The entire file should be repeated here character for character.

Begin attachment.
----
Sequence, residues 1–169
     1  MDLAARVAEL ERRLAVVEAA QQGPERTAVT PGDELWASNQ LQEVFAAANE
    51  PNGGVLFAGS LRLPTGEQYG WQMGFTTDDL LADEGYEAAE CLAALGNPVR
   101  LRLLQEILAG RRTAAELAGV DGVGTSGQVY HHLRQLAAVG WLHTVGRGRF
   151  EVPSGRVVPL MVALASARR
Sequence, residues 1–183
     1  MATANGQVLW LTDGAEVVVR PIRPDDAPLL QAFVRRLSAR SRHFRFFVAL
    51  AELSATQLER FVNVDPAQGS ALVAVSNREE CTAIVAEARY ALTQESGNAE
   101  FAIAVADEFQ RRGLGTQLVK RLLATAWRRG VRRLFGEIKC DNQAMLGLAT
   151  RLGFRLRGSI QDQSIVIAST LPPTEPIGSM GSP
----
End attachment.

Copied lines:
Sequence, residues 1–169
     1  MDLAARVAEL ERRLAVVEAA QQGPERTAVT PGDELWASNQ LQEVFAAANE
    51  PNGGVLFAGS LRLPTGEQYG WQMGFTTDDL LADEGYEAAE CLAALGNPVR
   101  LRLLQEILAG RRTAAELAGV DGVGTSGQVY HHLRQLAAVG WLHTVGRGRF
   151  EVPSGRVVPL MVALASARR
Sequence, residues 1–183
     1  MATANGQVLW LTDGAEVVVR PIRPDDAPLL QAFVRRLSAR SRHFRFFVAL
    51  AELSATQLER FVNVDPAQGS ALVAVSNREE CTAIVAEARY ALTQESGNAE
   101  FAIAVADEFQ RRGLGTQLVK RLLATAWRRG VRRLFGEIKC DNQAMLGLAT
   151  RLGFRLRGSI QDQSIVIAST LPPTEPIGSM GSP